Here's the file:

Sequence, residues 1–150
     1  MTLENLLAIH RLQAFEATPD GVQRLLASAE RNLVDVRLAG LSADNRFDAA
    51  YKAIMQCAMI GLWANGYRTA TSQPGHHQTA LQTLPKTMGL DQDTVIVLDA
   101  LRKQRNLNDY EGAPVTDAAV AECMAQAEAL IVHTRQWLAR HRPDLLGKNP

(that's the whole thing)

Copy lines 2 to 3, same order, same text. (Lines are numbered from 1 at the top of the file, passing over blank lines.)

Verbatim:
     1  MTLENLLAIH RLQAFEATPD GVQRLLASAE RNLVDVRLAG LSADNRFDAA
    51  YKAIMQCAMI GLWANGYRTA TSQPGHHQTA LQTLPKTMGL DQDTVIVLDA